Home Cooking

Outsourcing agency mines rural IT talent to provide homegrown technology outsourcing.

by / April 27, 2005 0
In the technology world, the term "outsourcing" usually conjures up visions of using offshore talent on a project or ongoing basis, but Rural Sourcing Inc. (RSI), an outsourcing organization formed in late 2003, takes a different approach to the concept by farming out work to underutilized workers in outlying areas of the United States.

RSI, based in Jonesboro, Ark., recently developed and implemented a Web portal for the city of Jonesboro. The portal disseminates information about events and other programs in downtown Jonesboro to residents of outlying areas. Negotiations for an Arkansas state agency project are currently under way, according to founder and president, Kathy Brittain White.

"While it's no secret that we are pursuing the corporate side and have secured engagements there, state and local government agencies are a major target for us," White said. She added that such agencies favor the idea of fulfilling their IT needs with local talent because of the resulting positive impact on their areas' economy.


Aiming Beyond the Web
RSI's current focus is on application maintenance, as well as on Web hosting and Web-based technology development and implementation.

"We are interested in any project that clients, including government entities, don't want to do in-house -- specifically those that require frequent contact between clients' offices and the outsourcing organization," White said.

Application development and legacy systems support will be added to RSI's roster of services this year. White said she expects the firm to become a full-blown rural IT outsourcing entity within the next 12 to 18 months, with service options expanding to include systems integration. Clients pay $38 to $60 per hour for the company's services, depending on the skills required. According to White, RSI's fee is about one-third of what it would be in a major metropolitan area.

The company presently has 16 employees who work from one of three development centers in Jonesboro, Magnolia and Monticello, Ark. A fourth center will open in June 2005 in Greenville, N.C., followed shortly thereafter by a fifth center in Portales, N.M.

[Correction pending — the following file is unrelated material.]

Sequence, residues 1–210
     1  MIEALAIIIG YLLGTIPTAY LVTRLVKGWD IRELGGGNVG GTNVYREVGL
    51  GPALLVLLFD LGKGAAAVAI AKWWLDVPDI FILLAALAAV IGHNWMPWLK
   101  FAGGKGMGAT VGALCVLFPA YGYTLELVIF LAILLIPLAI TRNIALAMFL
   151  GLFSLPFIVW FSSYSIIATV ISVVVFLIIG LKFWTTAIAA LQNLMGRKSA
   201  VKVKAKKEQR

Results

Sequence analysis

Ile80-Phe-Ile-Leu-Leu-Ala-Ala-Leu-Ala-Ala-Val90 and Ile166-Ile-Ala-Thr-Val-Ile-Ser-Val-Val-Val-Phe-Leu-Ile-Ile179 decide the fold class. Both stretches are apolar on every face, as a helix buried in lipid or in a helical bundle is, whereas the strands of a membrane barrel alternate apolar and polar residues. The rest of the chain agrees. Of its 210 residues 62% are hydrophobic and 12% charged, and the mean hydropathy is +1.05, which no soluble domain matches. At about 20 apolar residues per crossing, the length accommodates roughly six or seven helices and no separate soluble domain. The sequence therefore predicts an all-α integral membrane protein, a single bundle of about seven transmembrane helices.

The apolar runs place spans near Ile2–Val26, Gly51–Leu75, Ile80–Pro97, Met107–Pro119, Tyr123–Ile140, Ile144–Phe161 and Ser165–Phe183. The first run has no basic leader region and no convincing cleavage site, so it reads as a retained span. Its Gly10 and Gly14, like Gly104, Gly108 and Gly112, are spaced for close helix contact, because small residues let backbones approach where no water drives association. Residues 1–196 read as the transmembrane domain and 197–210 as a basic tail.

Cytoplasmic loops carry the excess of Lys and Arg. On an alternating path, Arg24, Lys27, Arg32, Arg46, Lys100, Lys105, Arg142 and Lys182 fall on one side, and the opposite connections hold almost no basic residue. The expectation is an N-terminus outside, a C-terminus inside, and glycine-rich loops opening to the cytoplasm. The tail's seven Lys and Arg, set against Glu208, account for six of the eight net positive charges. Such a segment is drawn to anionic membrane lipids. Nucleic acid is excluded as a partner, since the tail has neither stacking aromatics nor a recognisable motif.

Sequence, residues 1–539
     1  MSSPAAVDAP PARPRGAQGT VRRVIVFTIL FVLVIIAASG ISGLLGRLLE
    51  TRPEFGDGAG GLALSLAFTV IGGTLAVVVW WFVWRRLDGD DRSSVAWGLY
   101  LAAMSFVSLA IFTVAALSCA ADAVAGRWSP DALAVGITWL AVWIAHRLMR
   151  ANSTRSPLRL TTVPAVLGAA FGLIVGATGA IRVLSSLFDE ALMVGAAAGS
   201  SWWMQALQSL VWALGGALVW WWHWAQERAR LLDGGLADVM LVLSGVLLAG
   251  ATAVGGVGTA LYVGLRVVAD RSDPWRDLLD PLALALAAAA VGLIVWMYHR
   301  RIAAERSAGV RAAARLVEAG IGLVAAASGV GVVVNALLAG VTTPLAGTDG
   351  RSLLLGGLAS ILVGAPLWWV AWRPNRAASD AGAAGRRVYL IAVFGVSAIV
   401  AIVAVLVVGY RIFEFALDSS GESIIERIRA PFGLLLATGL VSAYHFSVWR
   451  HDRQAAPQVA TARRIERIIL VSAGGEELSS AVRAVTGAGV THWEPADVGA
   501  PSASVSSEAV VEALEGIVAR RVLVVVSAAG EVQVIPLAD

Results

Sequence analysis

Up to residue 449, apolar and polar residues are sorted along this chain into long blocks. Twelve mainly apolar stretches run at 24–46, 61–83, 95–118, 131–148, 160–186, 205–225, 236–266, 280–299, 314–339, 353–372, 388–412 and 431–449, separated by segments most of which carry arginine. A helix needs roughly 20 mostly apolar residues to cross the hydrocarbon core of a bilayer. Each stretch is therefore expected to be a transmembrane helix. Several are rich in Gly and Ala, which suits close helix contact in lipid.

White said her ultimate goal is to create 50 sites in 20 states, all of which will offer a wide range of IT capabilities.


Spawned by Internship Program
The seeds for RSI were sown 10 years ago, when White, who was then CTO of Chicago-based health-care company Cardinal Health, experienced difficulties finding and maintaining skilled IT personnel. Since she was born and raised in Oxford, Ark. (population: 642), White was convinced a wealth of qualified workers existed outside big-city limits.

She embarked on a recruiting trip to an area of Arkansas where there were no companies and little industry in the towns, and she started a virtual internship program in which university students could remain in Arkansas and work on projects remotely. White continued the program when she became CIO of Baxter Healthcare, based in Cleveland, Ohio. Upon leaving that post in 2003, she saw an opportunity to expand the idea by establishing RSI.

White said part of the impetus behind her efforts was concern about the continued funneling of technology-related work to sources overseas. According to International Data Corp., the global market for outsourcing will grow at an annual rate of 7 percent, reaching $1.2 trillion by 2007.